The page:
All Consultants Are Not Created Equal

Every year, thousands of corporations and organizations enlist the services of either an individual consultant, team of consultants, or a consulting firm, to address items that their leadership envisions need addressing professionally, by an impartial eye. Unfortunately, however, nearly anyone can represent himself as some sort of consultant, either in a specific area, or in a variety of areas, and while some of these individuals are excellent, and provide a fabulous, valuable service, others use consulting as a rouse to sell some sort of product or service. Major areas that consultants are called in regarding include, but are not limited to: business, financial, fiscal, and budgetary items; strategic planning; event planning, negotiations, coordination and organization; Board training and evaluation; business planning; etc.

1. Your preliminary discussion with any honorable consultant should be a getting- to- know- you type of meeting, and should be free of charge to the organization. Observe whether the consultant listens and asks pensive and examining questions, more than he speaks and tries to sell himself. Do not be overly impressed by fancy brochures and literature, or even elaborate presentations. You should be looking for a consultant that does not try to use a one- size- fits- all approach, but customizes his service directly to your needs and your organization’s idiosyncrasies. Don’t be overly impressed by fancy rhetoric or techno- jargon, because it often has little true value.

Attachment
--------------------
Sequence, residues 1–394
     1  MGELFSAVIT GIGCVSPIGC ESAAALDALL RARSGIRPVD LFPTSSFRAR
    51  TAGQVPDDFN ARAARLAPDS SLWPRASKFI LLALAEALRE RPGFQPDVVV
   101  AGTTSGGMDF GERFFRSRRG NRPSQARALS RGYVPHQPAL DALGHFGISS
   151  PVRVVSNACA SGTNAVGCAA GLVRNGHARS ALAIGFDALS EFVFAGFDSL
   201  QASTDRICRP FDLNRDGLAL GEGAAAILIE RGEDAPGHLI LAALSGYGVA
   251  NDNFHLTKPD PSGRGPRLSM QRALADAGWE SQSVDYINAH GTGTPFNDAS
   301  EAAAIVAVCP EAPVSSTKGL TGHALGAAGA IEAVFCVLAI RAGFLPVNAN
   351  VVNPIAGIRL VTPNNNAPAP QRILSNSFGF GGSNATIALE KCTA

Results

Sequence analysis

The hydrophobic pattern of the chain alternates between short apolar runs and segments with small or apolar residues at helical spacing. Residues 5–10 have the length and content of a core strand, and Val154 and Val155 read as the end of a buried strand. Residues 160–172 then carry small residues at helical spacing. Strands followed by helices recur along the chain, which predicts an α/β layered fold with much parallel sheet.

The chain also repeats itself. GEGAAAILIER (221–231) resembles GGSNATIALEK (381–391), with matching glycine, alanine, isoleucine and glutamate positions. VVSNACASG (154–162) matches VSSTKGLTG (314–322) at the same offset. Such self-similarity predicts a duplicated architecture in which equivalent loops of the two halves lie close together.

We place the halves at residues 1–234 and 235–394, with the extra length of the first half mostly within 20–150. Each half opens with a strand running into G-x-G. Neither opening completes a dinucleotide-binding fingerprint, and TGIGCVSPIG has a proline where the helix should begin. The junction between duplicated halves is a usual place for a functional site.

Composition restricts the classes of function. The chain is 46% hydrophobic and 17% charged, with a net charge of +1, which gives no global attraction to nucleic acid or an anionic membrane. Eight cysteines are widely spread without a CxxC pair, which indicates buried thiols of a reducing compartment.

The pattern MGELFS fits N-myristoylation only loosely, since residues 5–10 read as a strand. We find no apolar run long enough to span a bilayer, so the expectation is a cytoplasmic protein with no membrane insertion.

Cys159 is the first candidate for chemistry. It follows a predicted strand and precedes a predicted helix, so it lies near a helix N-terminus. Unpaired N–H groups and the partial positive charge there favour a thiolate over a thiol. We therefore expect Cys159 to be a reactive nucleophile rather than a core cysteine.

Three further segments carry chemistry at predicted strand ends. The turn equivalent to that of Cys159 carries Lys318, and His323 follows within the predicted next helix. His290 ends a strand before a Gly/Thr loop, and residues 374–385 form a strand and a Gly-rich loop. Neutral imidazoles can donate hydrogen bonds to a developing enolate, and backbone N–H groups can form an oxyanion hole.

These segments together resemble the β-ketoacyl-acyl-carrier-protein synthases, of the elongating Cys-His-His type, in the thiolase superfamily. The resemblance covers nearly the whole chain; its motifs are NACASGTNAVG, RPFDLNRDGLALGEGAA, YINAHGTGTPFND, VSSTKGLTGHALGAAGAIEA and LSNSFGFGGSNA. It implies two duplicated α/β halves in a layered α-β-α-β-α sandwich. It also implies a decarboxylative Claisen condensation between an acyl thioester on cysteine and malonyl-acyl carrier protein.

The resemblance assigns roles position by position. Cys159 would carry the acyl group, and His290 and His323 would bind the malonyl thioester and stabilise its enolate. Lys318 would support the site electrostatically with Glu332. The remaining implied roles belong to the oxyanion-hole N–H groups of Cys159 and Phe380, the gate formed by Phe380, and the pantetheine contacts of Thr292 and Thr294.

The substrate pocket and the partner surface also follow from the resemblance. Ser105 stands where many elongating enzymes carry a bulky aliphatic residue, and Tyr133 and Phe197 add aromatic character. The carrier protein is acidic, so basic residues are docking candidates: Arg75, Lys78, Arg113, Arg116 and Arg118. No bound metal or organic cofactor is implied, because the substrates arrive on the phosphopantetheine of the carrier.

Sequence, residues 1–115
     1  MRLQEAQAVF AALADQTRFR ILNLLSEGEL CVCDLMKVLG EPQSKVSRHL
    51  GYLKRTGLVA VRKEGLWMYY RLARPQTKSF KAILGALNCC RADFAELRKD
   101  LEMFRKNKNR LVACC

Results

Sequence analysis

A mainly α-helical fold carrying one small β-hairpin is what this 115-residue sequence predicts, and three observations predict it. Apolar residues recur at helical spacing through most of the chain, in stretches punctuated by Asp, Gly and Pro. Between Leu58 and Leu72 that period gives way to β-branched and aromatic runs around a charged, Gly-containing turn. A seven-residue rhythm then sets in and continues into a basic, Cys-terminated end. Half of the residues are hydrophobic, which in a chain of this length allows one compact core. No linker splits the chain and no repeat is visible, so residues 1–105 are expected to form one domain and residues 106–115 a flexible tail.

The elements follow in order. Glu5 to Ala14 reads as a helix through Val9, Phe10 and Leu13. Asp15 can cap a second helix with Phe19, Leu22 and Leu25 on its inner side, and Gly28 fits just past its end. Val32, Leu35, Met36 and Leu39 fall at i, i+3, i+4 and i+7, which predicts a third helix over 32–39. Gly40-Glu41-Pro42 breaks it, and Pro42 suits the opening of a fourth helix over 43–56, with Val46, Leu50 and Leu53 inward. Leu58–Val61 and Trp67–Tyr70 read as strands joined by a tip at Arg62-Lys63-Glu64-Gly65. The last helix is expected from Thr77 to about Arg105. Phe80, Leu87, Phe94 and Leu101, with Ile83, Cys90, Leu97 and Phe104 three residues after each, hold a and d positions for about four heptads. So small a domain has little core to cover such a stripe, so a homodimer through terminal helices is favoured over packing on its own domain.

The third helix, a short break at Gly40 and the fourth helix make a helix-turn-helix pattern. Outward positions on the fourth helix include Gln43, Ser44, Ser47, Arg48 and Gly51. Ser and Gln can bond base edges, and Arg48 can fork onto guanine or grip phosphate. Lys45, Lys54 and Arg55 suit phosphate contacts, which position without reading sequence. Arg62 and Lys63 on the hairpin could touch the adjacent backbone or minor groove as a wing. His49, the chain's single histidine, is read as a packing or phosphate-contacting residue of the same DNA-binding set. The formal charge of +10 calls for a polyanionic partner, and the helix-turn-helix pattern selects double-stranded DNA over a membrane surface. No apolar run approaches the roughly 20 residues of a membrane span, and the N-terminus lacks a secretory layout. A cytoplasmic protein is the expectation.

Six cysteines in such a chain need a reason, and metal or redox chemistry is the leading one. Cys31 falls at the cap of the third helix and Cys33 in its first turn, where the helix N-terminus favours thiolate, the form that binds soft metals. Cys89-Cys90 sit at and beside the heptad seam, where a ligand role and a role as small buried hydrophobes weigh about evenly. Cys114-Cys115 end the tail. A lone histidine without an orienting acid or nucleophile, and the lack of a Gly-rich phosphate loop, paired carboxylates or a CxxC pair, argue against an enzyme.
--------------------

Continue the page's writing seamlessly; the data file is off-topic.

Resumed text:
2. When a consultant is used for event services, he should guarantee his services will do several things for your event. Firstly, he should take away the hassles and headaches. Secondly, he should be able to negotiate in all related areas and foresee your needs. He should be someone who does his homework before he begins to negotiate, in order to find out what is needed and what the priorities and objectives of the event are. He should gather historical information, in order to gather am historical perspective and better understand the group’s heritage and needs. He should never impose his will, but also stand up for what he believes should be done, and be able and willing to explain why. His negotiations should save considerably more money than the total of his fee and reimbursable expenses. He should fully explain his fee up front, and explain what he will do, how he will work intimately with the group’s organizing committee, and make relevant suggestions.

3. Beware of any consultant who makes too big a deal about making governance changes, in order to address systemic problems and challenges facing the organization. While in a mostly healthy organization, certain governance models might work better for a specific group, governance should only become a priority during a healthy or relatively healthy stage, and not when there are other challenges. These governance recommendations are usually followed, in gradations and steps to follow, by meetings that you are charged for consultant’s time, training sessions (also at a charge), and often with a beautifully prepared governance manual, that often is less valuable to the stability and well being of the organization than the paper it is printed on, etc.

Always ask a prospective consultant about his fees, thoughts, methods, approaches, and what he feels he might be able to do for you, before you agree to his contract. Many organizations have cost themselves dearly by not carefully considering all of the ramifications. While many consultants are great and provide a wonderful service, like in everything else, there are always some “bad apples.”